Masked men stormed an Iraqi police station Saturday morning, hurling grenades and pumping out machine-gun fire in a daylight street battle that killed at least 22 people and freed dozens of prisoners.
With cries of "God is great," the assailants shot their way into the police station and opened the jailhouse doors. Iraqi officials estimated that at least 87 prisoners fled.
It wasn't clear whether the battle was waged in resistance to the U.S.-led occupation, or whether tribal or criminal motives drove an intense and blood-spattered prison break. If the assault was meant to pummel the Iraqi police for cooperating with the U.S.-led occupation, it marked a bold shift in tactics from suicide attacks and homemade bombs to a gun battle waged by a guerrilla squad.
If it was a planned jail break, as some Fallouja residents theorized, Saturday's violence was a devastating measure of the lawlessness that continues to grip Iraq, especially in this restive city in the so-called Sunni Triangle.
Whatever its motivations, the battle fueled worries that Iraq won't be stable enough for the U.S.-led coalition's plan to hand over sovereignty at the end of June. More than 125 Iraqis died last week in attacks on army and police stations, raising questions about whether the local forces will be strong enough to guarantee security.
The latest violence came two days after a nearby civil defense compound in Fallouja was attacked by rocket-propelled grenades, or RPGs, and machine guns during a visit by Army Gen. John Abizaid, the top U.S. commander in the Middle East. The general escaped unharmed, and responded, "This is Fallouja. What do you expect?" Gunmen charged that compound also during the jailbreak.
Saturday's attack erupted early in the morning, when police were still milling through the station -- drinking tea, eating sandwiches and readying themselves for a scheduled course on checkpoints and patrols. The gunmen pulled up in cars and Jeeps, positioned themselves in a horseshoe formation around the compound, and then opened fire, witnesses said.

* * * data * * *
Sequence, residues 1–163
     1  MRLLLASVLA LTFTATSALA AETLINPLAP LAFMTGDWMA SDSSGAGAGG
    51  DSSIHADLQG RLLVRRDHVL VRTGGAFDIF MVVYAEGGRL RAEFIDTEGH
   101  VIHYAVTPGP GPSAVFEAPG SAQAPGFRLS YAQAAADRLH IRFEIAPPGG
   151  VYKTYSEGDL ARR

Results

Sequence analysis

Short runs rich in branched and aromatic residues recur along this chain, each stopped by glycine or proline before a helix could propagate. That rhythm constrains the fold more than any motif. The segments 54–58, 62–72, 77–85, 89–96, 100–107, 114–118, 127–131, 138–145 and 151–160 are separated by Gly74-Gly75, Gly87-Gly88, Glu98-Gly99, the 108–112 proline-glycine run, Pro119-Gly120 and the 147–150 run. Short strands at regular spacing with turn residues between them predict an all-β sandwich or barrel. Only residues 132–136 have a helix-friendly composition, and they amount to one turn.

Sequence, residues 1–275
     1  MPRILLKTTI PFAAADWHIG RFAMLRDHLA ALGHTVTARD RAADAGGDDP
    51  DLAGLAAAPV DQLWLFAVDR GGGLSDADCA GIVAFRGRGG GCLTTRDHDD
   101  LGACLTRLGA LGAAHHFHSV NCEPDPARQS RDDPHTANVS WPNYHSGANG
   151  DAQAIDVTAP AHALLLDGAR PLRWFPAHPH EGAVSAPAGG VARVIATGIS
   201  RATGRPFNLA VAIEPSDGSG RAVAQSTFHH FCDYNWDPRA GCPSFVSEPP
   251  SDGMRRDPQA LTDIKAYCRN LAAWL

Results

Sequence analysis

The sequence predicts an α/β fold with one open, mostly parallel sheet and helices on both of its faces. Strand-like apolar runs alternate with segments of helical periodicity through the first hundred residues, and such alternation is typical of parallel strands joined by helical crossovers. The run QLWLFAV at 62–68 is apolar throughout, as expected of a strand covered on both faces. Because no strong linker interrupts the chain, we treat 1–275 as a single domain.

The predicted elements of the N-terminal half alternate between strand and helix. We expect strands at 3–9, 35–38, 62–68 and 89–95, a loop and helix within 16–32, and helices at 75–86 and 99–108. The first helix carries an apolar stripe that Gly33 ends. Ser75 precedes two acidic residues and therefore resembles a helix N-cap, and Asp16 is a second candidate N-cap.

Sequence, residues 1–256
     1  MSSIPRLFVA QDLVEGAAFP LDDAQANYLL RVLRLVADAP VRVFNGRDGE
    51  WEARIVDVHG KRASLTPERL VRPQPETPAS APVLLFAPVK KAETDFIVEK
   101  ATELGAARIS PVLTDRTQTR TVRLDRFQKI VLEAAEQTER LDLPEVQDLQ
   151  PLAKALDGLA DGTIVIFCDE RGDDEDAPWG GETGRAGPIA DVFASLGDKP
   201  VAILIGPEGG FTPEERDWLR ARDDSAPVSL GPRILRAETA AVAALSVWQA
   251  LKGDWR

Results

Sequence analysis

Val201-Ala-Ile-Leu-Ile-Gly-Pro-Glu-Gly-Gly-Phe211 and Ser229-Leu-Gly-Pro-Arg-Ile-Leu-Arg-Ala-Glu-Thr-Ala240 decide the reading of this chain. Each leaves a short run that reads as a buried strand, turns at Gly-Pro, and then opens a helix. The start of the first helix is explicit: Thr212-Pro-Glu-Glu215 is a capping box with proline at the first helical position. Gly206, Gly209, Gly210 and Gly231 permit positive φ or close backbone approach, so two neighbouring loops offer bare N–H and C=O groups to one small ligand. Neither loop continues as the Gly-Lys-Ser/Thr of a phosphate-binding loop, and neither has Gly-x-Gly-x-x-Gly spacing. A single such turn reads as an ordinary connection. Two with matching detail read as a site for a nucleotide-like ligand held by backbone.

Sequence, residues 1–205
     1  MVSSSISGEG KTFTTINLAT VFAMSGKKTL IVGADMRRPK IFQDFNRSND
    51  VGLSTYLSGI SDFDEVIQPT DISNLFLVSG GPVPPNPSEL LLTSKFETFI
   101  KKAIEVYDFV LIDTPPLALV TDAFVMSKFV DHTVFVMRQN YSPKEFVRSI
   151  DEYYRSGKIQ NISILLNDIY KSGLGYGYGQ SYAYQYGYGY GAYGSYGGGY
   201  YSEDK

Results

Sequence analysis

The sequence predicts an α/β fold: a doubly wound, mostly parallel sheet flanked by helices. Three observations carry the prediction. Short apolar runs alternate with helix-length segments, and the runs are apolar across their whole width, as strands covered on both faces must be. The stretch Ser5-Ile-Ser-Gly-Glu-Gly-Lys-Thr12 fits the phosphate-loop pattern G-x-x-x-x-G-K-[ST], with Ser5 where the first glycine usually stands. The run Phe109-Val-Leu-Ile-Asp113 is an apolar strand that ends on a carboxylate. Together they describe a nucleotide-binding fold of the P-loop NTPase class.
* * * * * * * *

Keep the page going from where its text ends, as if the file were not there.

RPGs and mortar rounds crashed to the ground, and gunmen stormed the station in a wave of machine-gun fire, witnesses said.
Witness estimates of the number of gunmen varied greatly, from 12 to 70.
"It was just like the front lines of a war," said Majid abu Arkon, who owns a restaurant down the street from the police station. He was puttering around beneath his threadbare awning when a Jeep came to a stop nearby. Four men climbed down and opened fire at the police station, he said.
"It was an indescribable sight, just a battle," said 31-year-old police officer Mohammed Khalil, who said he fought until he ran out of bullets, then fled. "I fired 60 rounds and it wasn't enough; I had to run away."
Four of the attackers were believed to be among the dead, along with at least 15 policemen and two civilians. At least 33 people were wounded. Injured survivors described crouching in side offices and bathrooms, or playing dead, while the battle pounded on for nearly an hour.
When the shooting began, Jumaa Mohammed Darweesh saw his friend collapse onto the ground before his eyes, badly wounded. Darweesh wanted to run, he said, but his colleague begged him not to leave.
So Darweesh, who had been shot in the leg, dragged the bleeding man into the guard station and shoved a metal filing cabinet in front of the window. They waited there while grenades clattered down and gunfire roared outside.
"There was shooting all around, and the other captain was almost dead," he said. "Other guys were shot right in front of me. There was a civilian in the police station. They shot him in the head, and he died immediately."